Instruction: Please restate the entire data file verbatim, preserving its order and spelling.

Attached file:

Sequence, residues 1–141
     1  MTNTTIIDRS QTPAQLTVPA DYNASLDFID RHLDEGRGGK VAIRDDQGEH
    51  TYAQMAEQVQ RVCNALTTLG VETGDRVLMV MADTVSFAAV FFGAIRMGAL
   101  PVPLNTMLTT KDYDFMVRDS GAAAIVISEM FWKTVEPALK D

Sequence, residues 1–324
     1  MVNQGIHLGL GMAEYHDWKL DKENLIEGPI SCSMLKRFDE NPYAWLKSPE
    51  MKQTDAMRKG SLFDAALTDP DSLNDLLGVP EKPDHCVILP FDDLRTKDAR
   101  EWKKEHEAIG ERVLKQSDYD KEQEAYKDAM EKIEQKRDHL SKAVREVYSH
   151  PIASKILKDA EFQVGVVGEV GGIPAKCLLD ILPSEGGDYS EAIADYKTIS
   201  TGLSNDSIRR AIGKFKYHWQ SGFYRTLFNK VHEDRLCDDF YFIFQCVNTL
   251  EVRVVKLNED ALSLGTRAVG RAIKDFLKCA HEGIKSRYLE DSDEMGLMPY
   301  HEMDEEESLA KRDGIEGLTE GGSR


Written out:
Sequence, residues 1–141
     1  MTNTTIIDRS QTPAQLTVPA DYNASLDFID RHLDEGRGGK VAIRDDQGEH
    51  TYAQMAEQVQ RVCNALTTLG VETGDRVLMV MADTVSFAAV FFGAIRMGAL
   101  PVPLNTMLTT KDYDFMVRDS GAAAIVISEM FWKTVEPALK D

Sequence, residues 1–324
     1  MVNQGIHLGL GMAEYHDWKL DKENLIEGPI SCSMLKRFDE NPYAWLKSPE
    51  MKQTDAMRKG SLFDAALTDP DSLNDLLGVP EKPDHCVILP FDDLRTKDAR
   101  EWKKEHEAIG ERVLKQSDYD KEQEAYKDAM EKIEQKRDHL SKAVREVYSH
   151  PIASKILKDA EFQVGVVGEV GGIPAKCLLD ILPSEGGDYS EAIADYKTIS
   201  TGLSNDSIRR AIGKFKYHWQ SGFYRTLFNK VHEDRLCDDF YFIFQCVNTL
   251  EVRVVKLNED ALSLGTRAVG RAIKDFLKCA HEGIKSRYLE DSDEMGLMPY
   301  HEMDEEESLA KRDGIEGLTE GGSR